This is fantastic. Congrats to the team! Education is an area that is still behind on using tech to dramatically improve the learning process so I'm very excited to see more work in this area.


I was looking into doing something similar for a side project and got discouraged by my lack of a strong ML background. This is both great work and inspirational. Time to go dust off that repo..

This looks like an amazing tool. As someone who often uses courses that have premade notes but highly limited exercise and quiz material, this looks like a serious blessing (assuming it works). Thanks!

Unfortunately, my courses seem to have the opposite problem, but at least there's always Wikipedia.

Wow! I love this idea. Congratulations! One question I have is what are you doing with the textbook pictures? Also, does the user categorize where the pictures came from so other people studying the same text can have additional questions?

Are you legally allowed to copy the contents of these textbooks? If I recall there is often on the first page of textbooks long legal texts which prohibits copying of any kind without written consent from the authors.

What our algorithm does is, we convolute the text from the textbooks to create questions such as "How did Hitler die?" from texts like "In August 1945, Hitler killed himself." from the textbook. So usually, that ends up being significantly different to the original texts in the textbook.

Copyright laws typically prohibit both identical copies, which appear to be done here by users during image processing / OCR even if only transitory, as well as derivatives of the copy. So the question then becomes, is this "fair use"?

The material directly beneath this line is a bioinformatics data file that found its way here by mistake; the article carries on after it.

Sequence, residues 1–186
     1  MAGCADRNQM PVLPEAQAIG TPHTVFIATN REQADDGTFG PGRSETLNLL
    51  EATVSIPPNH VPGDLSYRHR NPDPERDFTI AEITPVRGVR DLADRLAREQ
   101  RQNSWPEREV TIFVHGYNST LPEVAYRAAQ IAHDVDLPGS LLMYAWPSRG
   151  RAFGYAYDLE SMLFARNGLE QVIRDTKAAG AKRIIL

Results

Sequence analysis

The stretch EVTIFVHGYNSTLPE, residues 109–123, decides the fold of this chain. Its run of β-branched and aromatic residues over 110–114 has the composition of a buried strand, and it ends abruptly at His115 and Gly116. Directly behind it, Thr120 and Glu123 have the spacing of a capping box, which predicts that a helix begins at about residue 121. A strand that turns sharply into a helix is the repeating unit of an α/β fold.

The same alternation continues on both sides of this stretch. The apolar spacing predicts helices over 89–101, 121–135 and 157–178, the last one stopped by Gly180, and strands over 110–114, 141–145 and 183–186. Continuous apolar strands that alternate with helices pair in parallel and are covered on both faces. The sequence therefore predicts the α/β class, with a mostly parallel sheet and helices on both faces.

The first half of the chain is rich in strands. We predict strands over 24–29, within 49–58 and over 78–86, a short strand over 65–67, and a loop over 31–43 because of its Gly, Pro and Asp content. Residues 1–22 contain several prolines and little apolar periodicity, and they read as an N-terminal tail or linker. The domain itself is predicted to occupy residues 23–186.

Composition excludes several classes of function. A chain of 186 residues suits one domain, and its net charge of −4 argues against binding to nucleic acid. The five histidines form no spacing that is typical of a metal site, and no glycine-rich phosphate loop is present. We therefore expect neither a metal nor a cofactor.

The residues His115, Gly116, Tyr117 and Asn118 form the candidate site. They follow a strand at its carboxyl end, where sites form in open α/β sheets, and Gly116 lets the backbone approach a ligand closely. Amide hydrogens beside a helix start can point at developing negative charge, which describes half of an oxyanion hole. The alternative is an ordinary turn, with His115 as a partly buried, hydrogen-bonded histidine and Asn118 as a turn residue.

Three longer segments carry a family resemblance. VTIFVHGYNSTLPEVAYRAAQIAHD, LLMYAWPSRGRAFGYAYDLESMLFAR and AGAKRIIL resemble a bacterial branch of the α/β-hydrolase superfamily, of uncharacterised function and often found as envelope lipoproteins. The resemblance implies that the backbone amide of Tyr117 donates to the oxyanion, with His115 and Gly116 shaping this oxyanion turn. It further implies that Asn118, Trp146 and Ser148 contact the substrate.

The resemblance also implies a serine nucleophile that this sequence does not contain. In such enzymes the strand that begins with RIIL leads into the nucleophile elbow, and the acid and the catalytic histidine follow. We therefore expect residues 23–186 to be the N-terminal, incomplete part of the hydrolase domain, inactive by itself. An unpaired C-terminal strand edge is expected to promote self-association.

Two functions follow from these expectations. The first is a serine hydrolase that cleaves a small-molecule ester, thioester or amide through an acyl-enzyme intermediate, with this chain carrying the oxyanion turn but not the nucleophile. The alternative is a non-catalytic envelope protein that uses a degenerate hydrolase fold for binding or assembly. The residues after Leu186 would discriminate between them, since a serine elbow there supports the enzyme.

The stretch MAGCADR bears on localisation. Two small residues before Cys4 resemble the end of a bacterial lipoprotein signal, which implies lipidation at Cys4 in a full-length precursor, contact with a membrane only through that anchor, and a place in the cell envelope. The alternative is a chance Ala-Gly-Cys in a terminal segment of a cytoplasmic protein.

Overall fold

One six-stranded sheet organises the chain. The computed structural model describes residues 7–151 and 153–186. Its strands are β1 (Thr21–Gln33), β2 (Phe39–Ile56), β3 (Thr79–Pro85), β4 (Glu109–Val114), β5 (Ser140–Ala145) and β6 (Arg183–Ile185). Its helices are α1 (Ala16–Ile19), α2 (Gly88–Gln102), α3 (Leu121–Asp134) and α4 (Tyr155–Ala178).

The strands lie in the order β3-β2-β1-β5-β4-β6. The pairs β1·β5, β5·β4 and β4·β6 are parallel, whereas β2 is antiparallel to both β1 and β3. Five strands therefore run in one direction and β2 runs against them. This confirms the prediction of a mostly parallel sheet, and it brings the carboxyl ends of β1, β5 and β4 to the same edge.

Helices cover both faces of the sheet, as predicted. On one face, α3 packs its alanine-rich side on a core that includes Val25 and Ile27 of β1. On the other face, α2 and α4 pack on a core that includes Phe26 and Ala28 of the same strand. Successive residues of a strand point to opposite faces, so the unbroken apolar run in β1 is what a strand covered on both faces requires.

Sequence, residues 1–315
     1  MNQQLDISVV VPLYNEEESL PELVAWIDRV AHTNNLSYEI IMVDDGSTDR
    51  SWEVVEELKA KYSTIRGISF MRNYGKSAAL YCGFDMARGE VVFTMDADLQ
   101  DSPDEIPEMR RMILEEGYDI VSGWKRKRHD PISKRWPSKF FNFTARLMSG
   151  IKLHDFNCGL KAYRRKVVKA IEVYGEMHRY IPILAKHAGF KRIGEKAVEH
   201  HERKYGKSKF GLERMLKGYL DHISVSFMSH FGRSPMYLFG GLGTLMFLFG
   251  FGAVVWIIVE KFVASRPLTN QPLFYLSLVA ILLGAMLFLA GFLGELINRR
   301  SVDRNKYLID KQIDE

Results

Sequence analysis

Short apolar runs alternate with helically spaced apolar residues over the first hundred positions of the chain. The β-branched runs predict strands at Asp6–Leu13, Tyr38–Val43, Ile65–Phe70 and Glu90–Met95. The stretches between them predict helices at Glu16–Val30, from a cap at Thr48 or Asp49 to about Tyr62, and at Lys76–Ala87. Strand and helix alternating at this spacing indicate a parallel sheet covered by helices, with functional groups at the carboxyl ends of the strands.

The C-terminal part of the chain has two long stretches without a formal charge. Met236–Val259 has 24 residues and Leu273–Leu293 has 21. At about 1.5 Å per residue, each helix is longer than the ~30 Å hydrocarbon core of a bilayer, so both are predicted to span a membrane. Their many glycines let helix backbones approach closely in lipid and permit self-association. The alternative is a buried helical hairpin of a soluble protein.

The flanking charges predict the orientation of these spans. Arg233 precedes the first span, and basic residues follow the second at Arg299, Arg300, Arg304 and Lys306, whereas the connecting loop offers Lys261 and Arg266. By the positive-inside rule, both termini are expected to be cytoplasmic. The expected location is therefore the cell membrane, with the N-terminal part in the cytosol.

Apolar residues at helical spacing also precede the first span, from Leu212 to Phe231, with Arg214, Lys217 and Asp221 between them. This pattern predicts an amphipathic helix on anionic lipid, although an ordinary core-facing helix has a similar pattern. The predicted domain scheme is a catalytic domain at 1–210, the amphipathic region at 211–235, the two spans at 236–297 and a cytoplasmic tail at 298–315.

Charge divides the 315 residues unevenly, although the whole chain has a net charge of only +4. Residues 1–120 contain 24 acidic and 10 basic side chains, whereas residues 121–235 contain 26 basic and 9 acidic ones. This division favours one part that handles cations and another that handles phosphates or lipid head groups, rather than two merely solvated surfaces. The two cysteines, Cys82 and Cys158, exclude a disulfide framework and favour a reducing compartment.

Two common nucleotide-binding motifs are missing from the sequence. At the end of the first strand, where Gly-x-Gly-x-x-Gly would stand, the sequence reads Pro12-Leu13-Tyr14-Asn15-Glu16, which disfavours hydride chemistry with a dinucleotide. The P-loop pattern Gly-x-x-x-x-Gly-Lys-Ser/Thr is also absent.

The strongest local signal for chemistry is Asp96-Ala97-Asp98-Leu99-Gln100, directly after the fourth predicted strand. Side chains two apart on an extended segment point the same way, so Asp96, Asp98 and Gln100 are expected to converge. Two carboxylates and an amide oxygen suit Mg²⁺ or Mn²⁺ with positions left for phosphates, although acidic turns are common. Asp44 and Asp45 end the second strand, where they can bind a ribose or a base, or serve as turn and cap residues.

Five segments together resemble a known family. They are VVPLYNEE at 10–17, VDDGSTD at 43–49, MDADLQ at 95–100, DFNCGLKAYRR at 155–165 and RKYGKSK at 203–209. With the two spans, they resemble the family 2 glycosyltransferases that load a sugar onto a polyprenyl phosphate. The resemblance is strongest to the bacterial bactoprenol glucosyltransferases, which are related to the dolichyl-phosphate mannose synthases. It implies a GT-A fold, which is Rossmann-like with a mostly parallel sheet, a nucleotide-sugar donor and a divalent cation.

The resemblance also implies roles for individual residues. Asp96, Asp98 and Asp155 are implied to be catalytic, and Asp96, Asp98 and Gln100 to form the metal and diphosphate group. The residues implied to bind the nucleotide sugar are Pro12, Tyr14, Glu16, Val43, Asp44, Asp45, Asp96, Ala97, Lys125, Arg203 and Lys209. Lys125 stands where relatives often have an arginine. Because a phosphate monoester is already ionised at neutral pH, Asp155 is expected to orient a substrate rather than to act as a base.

If the use case for the app is personal use by the possessors of the textbook, very likely no problem. For all other uses you should consult a lawyer to make sure you're in the clear.

> as well as derivatives of the copy

Shouldn't this imply that it's illegal for me to make quizzes on my own from information I found in a textbook? If this app is implemented correctly, what it does should be indistinguishable from a human. It makes no sense to change the infringement status of a work based on how the work was produced.

Also, generally hard facts (like when Hitler died or how Hitler killed himself) are not copyrightable.

I don't know how you are doing this, but with NNs there's still be the chance that result contains significant parts of the text-books. I am not a lawyer, but because you are only interested in the syntactic equality (the sematic being the same) i think a simple algorithm like something based on edit-distance may be able to exclude such cases.